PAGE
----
The solution to all these problems is, of course, to create a habit. To create rituals, focus on planning, create a support system.

Rituals are a physical signal to your body that it’s time to write.

Planning doesn’t have to be a prison. Planning, even small planning, like what am I going to work on tomorrow relieves the stress of what to write next. It makes getting to the chair easier. And, you can always change the plan if you sit down and get a better idea.

The fact of it is that writers write. They get work done. Everyday. They plan. They don’t wait for the muse. They show up. Group accountability can make your job so much easier, more fun and bring you to the finish. Get my free guide to group accountability.

About the Author: Deb McLeod, MFA, practices novel research immersion. For her novel, The Train to Pescara, Deb journeyed to Sardinia to study ancient goddess worship and spent time in the Abruzzi village her great-grandparents left in 1905. Her metaphysical knowledge for the Angel Thriller, The Julia Set, culminates from four years of studying and teaching meditation, clairvoyance and chakra healing. For over fifteen years, Deb McLeod has been a creative writing coach helping other writers to embrace their passion and get their words on the page. For more, see www.debmcleod.com.

10 comments:

  1. Deb, you wrote this article specifically for me, didn't you? So much wisdom in this post. Thank you.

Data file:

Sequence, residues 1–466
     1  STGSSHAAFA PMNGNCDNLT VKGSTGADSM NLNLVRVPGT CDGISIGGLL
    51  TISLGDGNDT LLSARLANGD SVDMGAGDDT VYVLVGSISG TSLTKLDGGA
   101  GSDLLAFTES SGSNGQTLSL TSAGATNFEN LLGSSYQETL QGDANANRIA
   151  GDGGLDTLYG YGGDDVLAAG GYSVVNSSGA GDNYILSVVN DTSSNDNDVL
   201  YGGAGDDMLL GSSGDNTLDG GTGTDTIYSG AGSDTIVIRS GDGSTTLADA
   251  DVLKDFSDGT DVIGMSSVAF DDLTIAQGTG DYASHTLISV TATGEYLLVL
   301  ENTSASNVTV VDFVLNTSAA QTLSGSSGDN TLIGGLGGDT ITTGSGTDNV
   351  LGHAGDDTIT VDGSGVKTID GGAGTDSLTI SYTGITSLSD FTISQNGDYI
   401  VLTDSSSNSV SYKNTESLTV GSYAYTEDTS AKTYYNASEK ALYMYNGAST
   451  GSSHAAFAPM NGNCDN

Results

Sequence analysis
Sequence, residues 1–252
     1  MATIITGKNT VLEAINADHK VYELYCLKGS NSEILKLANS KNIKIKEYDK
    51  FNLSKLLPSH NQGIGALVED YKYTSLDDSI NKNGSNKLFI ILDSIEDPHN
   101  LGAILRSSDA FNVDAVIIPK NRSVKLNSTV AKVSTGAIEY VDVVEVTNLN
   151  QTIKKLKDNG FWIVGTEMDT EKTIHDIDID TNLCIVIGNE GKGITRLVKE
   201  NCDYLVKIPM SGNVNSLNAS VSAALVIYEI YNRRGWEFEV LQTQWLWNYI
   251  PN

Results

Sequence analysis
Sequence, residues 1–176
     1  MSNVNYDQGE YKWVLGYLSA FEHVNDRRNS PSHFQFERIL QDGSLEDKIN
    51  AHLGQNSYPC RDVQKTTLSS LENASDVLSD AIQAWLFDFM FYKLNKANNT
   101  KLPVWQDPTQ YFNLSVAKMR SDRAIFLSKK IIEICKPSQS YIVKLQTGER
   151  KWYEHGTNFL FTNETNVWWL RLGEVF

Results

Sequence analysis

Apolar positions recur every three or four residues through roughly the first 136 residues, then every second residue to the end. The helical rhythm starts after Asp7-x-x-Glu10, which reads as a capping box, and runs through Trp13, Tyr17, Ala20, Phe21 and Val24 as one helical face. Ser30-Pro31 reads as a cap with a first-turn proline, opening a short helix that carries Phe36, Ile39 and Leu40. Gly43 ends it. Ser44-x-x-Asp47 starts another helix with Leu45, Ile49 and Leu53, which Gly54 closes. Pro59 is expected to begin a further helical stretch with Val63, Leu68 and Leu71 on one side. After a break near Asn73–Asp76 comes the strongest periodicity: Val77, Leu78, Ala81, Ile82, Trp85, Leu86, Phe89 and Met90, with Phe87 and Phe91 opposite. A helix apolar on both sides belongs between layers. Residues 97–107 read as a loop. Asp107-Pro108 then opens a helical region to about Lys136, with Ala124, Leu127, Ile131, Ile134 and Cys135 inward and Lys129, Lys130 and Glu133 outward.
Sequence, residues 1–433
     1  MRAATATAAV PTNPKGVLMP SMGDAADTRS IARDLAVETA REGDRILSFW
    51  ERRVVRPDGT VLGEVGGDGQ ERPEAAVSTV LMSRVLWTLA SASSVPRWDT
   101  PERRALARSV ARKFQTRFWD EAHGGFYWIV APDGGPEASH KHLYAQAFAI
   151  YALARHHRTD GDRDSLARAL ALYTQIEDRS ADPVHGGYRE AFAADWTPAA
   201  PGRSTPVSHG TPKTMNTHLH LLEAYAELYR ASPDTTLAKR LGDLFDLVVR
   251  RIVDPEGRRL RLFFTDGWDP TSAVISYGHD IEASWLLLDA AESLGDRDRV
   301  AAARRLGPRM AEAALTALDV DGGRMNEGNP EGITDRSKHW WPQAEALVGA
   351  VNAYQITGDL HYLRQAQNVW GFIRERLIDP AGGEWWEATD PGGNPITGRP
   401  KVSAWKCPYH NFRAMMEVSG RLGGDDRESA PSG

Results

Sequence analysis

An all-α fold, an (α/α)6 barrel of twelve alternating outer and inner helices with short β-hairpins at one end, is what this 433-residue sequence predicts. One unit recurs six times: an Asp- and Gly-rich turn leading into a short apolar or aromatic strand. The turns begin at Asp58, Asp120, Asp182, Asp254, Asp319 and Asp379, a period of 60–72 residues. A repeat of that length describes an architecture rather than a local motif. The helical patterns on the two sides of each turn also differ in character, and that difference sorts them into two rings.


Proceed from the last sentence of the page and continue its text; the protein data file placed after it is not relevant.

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  2. I agree with Donnell. I'm guilty of perfectionism. Somehow the words on the page never quite reflect the vision in my head. Working on "good enough."

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    1. Barbara, that was the hardest one for me. And the fix is both getting to 'good enough' and honoring the talent you have that lets you know it could be better. Studying the "higher" craft elements help close the gap between what you want and what you produced. Elements like pacing, subtext, objective correlative, etc. So the piece you're working on may be good enough and the next one will be better. Good luck!

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  3. "They don’t wait for the muse. They show up." Oh, man, I like that. Great post.

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  4. Great article! The "Perfection Problem" is one of my hang-ups. If I can't write it perfectly the first time then I can't write. It has taken me a long time to get past that (as far as I am past it at this point). I love how you phrased it, "...the craft hasn’t caught up to the talent." Excellent point!

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    1. I'm glad that it resonated with you. One thing I did to break my own perfectionist habit was to learn to use freewriting as a tool. Because you write to a timer and because you aren't allowed to lift your pen from the page and because you write sentences like this one that go on and on and on without punctuation and not much thought only writing, it helps you get something your internal editor and perfectionist can mold and pick at later. :)